The Hunting of the Snark, Lewis Carroll’s classic masterpiece of nonsense verse, takes the reader on a wonderfully witty and inventive hunt for the ever-elusive Snark. The tantalizing mysteries of the poem are here perfectly matched in these brilliant new illustrations by artist Mahendra Singh, who has created a visual treasure hunt, full of riddles, puns, and allusions.
When asked what his poem meant, Carroll would always reply that he did not know. But, on one occasion, he did write to friends that perhaps “…the whole book is an allegory on the search for happiness.”
“To seek it with thimbles, to seek it with care;
To pursue it with forks and hope,
To threaten its life with a railway-share;
To charm it with smiles and soap!”
About the Author
Lewis Carroll (the pseudonym of the Rev. Charles Lutwidge Dodgson) was a mathematics lecturer at Oxford University, but he is better known to the world as the author of ""Alice's Adventures in Wonderland"" (1865) and ""Through the Looking-glass"" (1871), as well as ""The Hunting of the Snark ""(1876).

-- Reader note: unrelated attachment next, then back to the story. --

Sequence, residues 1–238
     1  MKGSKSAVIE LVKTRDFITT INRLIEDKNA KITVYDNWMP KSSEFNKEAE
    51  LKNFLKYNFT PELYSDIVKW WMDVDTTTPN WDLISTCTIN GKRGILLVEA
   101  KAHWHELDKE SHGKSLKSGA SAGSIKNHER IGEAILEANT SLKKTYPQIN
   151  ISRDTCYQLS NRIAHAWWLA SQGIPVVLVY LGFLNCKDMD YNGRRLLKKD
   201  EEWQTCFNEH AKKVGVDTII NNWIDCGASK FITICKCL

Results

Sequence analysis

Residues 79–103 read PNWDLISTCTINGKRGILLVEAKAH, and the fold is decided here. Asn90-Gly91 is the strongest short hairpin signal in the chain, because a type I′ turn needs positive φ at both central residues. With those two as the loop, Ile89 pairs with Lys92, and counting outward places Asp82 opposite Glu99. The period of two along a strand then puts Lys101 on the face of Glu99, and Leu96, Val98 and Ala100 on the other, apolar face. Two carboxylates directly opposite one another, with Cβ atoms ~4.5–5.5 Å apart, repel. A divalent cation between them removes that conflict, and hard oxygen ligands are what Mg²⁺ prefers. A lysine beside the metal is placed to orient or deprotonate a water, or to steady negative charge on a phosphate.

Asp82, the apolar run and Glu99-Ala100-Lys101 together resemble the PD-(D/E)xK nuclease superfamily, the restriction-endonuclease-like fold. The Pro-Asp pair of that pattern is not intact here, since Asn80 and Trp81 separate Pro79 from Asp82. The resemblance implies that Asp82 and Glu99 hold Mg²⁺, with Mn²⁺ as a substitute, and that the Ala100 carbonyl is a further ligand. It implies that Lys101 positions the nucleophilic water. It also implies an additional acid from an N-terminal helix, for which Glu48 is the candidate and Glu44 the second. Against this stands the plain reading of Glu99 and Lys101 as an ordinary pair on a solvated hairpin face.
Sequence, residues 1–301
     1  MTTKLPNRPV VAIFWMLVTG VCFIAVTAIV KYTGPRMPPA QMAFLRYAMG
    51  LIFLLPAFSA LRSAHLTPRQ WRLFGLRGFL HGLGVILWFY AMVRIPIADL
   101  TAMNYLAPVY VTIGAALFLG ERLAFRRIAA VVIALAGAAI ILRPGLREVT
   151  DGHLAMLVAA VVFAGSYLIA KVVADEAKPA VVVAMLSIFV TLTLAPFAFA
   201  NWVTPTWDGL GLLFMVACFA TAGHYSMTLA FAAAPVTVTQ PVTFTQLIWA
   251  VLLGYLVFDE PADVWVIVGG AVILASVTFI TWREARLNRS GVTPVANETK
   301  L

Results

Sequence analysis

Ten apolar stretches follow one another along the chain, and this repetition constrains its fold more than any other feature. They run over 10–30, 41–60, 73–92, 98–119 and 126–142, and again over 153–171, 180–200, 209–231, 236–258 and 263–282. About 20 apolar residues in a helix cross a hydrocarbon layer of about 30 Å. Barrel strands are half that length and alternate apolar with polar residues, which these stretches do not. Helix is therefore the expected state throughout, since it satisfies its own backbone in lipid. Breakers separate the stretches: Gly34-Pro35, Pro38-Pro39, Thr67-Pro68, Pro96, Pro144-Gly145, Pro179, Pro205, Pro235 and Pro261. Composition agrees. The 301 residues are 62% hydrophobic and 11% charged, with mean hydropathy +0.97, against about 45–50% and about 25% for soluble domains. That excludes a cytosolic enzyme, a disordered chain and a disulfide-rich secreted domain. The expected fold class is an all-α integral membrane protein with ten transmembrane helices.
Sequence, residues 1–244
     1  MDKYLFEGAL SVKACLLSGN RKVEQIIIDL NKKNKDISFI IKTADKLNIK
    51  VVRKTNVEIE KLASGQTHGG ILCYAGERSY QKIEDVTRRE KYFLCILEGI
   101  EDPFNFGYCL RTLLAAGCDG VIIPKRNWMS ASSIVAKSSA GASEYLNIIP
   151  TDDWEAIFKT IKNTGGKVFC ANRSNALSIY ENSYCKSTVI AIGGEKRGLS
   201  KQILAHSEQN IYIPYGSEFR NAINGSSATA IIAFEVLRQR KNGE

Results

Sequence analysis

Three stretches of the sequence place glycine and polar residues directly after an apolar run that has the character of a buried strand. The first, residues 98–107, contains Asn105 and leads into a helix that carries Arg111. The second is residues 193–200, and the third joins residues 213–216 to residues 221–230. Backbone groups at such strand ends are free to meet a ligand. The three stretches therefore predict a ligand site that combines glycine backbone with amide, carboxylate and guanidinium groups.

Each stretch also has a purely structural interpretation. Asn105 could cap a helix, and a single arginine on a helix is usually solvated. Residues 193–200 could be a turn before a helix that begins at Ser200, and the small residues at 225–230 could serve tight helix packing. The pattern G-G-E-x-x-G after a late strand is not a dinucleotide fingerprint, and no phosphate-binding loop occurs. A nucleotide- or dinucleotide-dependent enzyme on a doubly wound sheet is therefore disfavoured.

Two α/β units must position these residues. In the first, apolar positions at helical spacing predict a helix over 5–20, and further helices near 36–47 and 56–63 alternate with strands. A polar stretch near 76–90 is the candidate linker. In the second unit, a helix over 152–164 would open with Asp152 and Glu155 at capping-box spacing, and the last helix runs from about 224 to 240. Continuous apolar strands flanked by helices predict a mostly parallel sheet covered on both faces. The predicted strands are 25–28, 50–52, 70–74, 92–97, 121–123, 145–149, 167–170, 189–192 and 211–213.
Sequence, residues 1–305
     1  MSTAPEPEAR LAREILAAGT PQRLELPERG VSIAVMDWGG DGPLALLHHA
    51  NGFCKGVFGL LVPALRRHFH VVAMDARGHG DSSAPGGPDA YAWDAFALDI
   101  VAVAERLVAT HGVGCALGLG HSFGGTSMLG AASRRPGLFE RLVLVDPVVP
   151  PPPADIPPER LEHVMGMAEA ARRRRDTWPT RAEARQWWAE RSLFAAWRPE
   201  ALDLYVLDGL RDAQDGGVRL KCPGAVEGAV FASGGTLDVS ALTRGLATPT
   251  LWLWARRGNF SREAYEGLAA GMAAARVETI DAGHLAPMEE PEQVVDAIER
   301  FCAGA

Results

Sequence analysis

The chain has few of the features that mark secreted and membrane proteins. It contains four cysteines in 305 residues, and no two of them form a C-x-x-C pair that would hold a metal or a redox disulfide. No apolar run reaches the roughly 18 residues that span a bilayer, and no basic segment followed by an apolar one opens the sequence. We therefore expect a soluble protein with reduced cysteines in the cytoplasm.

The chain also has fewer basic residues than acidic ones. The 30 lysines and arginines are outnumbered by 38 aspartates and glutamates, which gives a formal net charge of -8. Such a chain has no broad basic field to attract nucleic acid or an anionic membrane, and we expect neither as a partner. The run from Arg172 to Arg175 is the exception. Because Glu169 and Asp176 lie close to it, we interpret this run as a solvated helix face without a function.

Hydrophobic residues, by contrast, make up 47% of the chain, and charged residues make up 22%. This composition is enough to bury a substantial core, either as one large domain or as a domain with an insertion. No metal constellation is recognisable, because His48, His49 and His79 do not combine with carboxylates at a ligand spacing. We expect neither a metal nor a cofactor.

Mahendra Singh is an artist and illustrator. His projects include illustrating the Melville House edition of "The Hunting of the Snark" by Lewis Carroll. He lives in Montreal, Quebec.
"Delightfully surreal...save this book for the brightest and most adventurous young word-worms on your holiday shopping list...Singh's daring illustrations will appeal to older children eager to leave the world of candy-colored cuteness behind."
"At last, the legend of the brave, if peculiar, companions who set out to bag a snark (arming themselves "with forks and with hope") gets lavish treatment from [Mahendra] Singh....These may be the fittest illustrations ever created for Carroll's distinctively Victorian nonsense concoctions."
—Laura Miller, Salon
"[C]hallenging and delightful."
—Marilyn Dahl, Shelf Awareness
"It is not children who ought to read the words of Lewis Carroll."
"Singh's black-and-white surrealistic treatment of Carroll's classic poem is perfect...takes the ideology of Carroll's nonsense to new visual levels. Far beyond a simplistic, literal depiction of the poem, each panel is thoughtfully created, filled with puzzles, jokes, and allusions."